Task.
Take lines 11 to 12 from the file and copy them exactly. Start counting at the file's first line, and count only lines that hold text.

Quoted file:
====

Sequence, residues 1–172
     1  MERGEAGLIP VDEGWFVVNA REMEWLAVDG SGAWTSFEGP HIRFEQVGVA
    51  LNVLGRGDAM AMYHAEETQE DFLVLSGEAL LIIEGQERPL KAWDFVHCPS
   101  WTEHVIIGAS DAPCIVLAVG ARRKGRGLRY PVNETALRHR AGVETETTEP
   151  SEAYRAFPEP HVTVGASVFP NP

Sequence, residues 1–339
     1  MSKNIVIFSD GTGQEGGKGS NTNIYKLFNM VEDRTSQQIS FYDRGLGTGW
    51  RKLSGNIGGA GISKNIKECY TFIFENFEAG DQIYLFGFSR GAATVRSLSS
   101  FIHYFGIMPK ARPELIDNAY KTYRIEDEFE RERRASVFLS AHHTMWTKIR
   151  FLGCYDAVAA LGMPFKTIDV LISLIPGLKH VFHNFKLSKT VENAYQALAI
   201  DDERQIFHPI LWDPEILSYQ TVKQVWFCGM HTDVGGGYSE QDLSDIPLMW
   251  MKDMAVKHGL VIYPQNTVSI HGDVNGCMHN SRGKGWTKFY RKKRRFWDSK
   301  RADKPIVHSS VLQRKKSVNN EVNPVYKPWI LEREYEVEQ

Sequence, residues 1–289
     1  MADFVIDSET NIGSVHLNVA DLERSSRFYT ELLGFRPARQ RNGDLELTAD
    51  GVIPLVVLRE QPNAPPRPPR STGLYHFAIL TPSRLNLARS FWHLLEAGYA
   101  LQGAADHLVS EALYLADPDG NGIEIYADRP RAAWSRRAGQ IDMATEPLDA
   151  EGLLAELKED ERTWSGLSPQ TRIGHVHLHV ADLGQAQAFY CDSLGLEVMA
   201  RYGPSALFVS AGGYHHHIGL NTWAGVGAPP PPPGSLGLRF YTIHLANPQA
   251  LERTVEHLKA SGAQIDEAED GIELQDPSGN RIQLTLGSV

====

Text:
   201  DDERQIFHPI LWDPEILSYQ TVKQVWFCGM HTDVGGGYSE QDLSDIPLMW
   251  MKDMAVKHGL VIYPQNTVSI HGDVNGCMHN SRGKGWTKFY RKKRRFWDSK